Racial discrimination remains a huge problem in Australian workplaces — it affects employees' stress, health and performance, making them likely to leave for other work. Businesses not addressing this problem will be left behind.
Even though racial discrimination is illegal, statistics suggest Australian businesses still have a problem. They need to be prepared to call it out while also upping their investment in cultural awareness training.
Reconciliation and allyship experts Carla Rogers and Aunty Munya Andrews, co-directors of Evolve Communities, believe education is the key to reducing workplace racial discrimination and the reason cultural insensitivity still occurs is that people lack knowledge.
Carla Rogers tells Independent Australia:
'There is greater importance on offering diversity education in the workplace because Australians haven’t necessarily received any cultural awareness or sensitivity training at school.'
As regards employment, Ms Rogers warns:
'Workplaces that lack cultural sensitivity will find it difficult to retain and inspire employees from diverse backgrounds.'
Two years ago, a report by Diversity Council Australia and the University of Technology Sydney's Jumbunna Institute for Indigenous Education and Research (UTS) revealed that 28% of respondents said they worked in culturally unsafe workplaces. Other reports include 44% hearing racial slurs in the workplace and 59% said they had encountered "appearance racism" about the way they look.
A Diversity Council Australia report released in March this year found that 43% of non-white Australian employees regularly experienced racism in their workplace.
One of the biggest challenges facing organisations today is a lack of engagement and high employee attrition. Many businesses celebrate cultural diversity — without putting any processes in place to ensure their diverse team are adequately protected or educated.
Unless racism is identified and the language around it changes, companies that fail to respond will face lawsuits, brand damage and a drop in productivity, which impacts their bottom line.
The price of inaction is huge and it should send a powerful message to organisations to take racism seriously.
The following looks at ways to address workplace racism:
Identify and promote the benefits of diversity in the workplace
Explain the business case; how it strengthens the company’s reputation, drives innovation and increases profits that in turn, provide employees with job security and career growth. A staff member taking sick days because of racism adds extra pressure on a team's workload during their absence.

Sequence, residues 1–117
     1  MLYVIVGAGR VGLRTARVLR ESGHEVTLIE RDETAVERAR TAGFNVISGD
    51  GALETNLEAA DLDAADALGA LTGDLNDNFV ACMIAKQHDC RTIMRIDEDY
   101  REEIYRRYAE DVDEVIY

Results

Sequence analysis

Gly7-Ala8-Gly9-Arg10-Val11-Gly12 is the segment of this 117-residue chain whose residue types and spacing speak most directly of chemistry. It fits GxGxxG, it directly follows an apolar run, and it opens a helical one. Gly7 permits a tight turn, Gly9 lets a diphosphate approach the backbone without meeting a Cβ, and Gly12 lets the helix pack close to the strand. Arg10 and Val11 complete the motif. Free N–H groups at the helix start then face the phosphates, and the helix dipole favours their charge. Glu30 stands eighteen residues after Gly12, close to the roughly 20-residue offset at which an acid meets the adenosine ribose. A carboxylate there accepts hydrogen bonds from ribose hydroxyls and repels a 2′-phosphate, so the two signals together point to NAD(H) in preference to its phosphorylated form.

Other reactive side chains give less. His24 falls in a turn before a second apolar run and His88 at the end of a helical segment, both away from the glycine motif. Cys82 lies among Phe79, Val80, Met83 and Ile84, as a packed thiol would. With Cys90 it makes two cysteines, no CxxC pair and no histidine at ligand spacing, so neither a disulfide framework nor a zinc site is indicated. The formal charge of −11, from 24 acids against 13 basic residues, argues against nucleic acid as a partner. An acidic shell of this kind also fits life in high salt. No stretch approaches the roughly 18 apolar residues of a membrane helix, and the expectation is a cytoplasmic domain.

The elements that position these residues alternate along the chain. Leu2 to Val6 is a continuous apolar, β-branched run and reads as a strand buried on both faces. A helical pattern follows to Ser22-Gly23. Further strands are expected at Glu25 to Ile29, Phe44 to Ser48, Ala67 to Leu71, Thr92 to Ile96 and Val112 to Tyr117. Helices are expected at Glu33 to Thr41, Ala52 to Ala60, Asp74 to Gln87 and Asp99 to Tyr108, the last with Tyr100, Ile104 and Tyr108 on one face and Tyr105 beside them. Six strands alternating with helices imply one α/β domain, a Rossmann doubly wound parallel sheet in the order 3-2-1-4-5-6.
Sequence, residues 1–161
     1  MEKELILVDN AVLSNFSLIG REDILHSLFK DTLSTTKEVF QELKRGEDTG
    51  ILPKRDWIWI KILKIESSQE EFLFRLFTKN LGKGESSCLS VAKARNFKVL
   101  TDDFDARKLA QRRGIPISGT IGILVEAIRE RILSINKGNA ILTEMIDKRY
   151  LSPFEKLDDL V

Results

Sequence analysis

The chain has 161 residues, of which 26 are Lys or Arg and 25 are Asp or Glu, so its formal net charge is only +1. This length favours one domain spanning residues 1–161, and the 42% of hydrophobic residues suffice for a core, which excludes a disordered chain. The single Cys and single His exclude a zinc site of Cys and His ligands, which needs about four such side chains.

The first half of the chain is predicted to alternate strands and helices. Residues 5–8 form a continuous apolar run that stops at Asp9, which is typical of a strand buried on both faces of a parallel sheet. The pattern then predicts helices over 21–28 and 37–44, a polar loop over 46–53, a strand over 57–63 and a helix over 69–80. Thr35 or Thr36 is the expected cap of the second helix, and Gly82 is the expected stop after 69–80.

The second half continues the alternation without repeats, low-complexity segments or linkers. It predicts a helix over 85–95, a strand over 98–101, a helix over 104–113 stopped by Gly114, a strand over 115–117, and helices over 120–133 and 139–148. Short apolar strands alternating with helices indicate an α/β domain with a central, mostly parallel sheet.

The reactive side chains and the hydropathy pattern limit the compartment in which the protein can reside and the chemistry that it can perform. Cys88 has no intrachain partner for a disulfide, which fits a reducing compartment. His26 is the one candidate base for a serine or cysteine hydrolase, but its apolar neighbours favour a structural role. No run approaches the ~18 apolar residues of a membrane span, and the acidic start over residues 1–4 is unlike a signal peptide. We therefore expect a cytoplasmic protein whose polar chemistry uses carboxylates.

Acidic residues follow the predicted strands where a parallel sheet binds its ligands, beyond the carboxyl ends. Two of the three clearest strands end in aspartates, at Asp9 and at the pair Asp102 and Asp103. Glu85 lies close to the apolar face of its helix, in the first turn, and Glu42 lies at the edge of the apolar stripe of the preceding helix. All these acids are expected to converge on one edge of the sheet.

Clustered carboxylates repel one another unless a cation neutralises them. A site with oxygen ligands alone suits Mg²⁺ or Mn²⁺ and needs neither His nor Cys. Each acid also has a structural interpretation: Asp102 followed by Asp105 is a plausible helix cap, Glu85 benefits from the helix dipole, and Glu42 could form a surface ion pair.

Consider writing mandatory reporting into the value statement so racist incidents are reported when they occur.
Invest in a buddy system and appoint a race champion within the leadership team, and ensure that inclusion and diversity are permanent items on the agenda at management meetings.
An anti-racism position statement should be included in the code of conduct and in employee contracts — and enforced, so it’s not just lip service.
Provide training around racism — investing in quality cultural diversity and multicultural education and training. Training needs to educate around the issues of racism, unconscious racial biases and discrimination. Use real-life examples of bad experiences and good practice. Set clear expectations of what your organisation stands for and maintain zero tolerance for racism.
Workers need to feel confident in the complaint process
Racism can silence workers from raising issues or making a complaint. Sometimes, colleagues from different backgrounds don’t feel heard when they approach human resources to raise an issue. Making it easier for staff to raise complaints will help demonstrate that racial discrimination isn’t tolerated.
Business leaders have a role to play in stamping out racism
Leaders have an obligation to support employees and commit to creating a culture of belonging. Make sure the multi-cultural landscape within your business is understood. Foster open dialogues about racial issues and encourage employee discussions around their experiences or observations.
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